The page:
You’ve heard the old saying “Cash is king.” Well, to the extent that’s true today, it’s been a rags-to-riches story. Thanks to the cycle of interest-rate hikes the Federal Reserve started in 2022, cash has gotten an enormous boost in yield. A year ago, it yielded all of 0.01% (meaning it was producing $1 of income per year on a $10,000 account). Now cash has ascended from serf status to produce a far more lavish yield of 4.23% this month.

Cash yields rising
Note: Chart shows the SEC yield for the Fidelity Government Cash Reserves money market fund on a weekly basis from 2/1/22 through 3/3/23. Source: Bloomberg.

That said, there’s no guarantee cash will still be king in a year’s time. That 4.23% yield is a big improvement compared to where we’ve been, but make no mistake—cash yields can move down just as rapidly as they rise. The chart below shows how transitory the interest rate on cash can be over time.

How long will cash yields remain high?
Note: Chart shows the SEC yield for the Fidelity Government Cash Reserves money market fund on a weekly basis from 2/1/00 through 3/3/23. Source: Bloomberg.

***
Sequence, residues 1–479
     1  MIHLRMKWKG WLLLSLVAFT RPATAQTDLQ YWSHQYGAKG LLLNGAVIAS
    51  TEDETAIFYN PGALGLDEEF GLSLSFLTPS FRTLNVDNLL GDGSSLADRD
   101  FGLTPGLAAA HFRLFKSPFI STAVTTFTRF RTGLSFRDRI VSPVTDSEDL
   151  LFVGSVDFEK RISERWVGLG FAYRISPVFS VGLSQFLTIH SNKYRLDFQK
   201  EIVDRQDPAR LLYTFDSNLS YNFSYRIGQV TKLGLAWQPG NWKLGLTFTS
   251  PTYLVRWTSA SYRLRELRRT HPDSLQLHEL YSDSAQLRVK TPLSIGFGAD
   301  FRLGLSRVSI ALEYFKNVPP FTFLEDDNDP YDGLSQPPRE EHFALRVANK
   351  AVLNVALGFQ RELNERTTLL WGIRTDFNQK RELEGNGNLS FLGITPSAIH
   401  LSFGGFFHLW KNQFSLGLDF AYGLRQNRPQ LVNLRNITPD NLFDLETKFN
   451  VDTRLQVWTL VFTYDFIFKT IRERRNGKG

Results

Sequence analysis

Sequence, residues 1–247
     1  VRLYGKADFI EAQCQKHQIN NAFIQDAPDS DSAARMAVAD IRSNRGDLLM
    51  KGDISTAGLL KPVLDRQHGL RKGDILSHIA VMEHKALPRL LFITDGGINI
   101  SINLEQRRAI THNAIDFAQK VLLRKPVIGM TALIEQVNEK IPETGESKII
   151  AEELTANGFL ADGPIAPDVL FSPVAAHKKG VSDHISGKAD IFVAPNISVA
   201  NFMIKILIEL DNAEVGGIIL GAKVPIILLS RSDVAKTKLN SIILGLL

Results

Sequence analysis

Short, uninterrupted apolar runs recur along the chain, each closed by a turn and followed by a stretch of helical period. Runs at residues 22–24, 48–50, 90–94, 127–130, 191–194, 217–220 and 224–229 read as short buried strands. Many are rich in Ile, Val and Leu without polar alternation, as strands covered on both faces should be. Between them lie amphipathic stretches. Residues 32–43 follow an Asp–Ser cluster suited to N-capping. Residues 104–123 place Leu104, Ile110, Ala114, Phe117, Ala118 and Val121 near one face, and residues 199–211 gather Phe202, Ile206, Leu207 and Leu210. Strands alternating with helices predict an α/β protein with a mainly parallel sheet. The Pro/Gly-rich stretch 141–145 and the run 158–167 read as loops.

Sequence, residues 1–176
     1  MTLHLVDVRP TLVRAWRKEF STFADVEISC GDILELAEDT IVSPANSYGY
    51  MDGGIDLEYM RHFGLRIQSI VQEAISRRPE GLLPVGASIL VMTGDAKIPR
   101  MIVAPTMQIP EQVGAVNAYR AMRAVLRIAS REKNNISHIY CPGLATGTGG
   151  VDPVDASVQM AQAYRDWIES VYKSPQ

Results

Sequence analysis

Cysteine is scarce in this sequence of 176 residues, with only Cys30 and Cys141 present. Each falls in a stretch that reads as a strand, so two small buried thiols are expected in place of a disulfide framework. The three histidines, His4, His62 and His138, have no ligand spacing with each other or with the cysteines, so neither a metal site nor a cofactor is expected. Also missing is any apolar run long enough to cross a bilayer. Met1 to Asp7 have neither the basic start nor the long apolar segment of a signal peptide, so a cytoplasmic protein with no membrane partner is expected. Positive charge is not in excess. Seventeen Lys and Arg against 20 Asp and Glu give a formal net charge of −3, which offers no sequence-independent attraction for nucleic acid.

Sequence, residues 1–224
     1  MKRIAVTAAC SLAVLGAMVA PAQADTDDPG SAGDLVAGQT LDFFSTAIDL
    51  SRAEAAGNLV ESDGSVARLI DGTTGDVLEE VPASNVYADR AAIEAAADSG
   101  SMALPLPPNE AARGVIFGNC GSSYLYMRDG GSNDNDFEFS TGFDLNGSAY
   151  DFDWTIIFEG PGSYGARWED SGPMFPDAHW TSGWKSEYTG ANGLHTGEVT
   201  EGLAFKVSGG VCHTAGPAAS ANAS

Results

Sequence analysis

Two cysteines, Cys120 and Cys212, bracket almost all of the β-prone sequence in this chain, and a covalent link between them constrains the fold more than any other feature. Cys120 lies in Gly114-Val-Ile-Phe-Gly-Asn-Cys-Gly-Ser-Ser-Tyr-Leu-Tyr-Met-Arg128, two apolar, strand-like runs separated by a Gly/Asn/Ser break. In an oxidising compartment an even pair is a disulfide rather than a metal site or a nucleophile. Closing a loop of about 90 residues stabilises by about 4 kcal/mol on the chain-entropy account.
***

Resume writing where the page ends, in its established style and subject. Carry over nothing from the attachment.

Cash serves a vital purpose for investors and savers. Our baseline advice for clients is to maintain an emergency cash fund that can cover six months of expenses. Money market funds and savings accounts are also viable short-term parking spots for larger sums of cash earmarked for a substantial purchase, like a down payment on a house or car. 

But now that cash’s yield has become more competitive with short-term bond yields and stock dividend yields, some investors are understandably tempted to hold more of it than they have in the past. While it’s helpful to be earning extra interest on your emergency fund, we view that as an added benefit, not the goal of that account.

Talk to your wealth adviser if you have questions about how much cash you need and what kinds of alternatives make sense in the context of your financial plan. They will be able to provide answers and work with you on any adjustments to your strategy.

Married Filing Separately? The Pros and Cons

Of all the questions on your annual tax return, you’d think “filing status” would be the easiest to answer. Yet one of the most common filing questions our tax planners hear is: “Should my spouse and I file separately?”

Close to 2 million married couples choose to file their taxes separately each year, and they do so for a variety of reasons. For example, the IRS saw a significant uptick in married couples filing separately in the last three years as people sought to qualify for pandemic relief. And that’s the key: You need to be deliberate about the decision or it’s likely to cost you.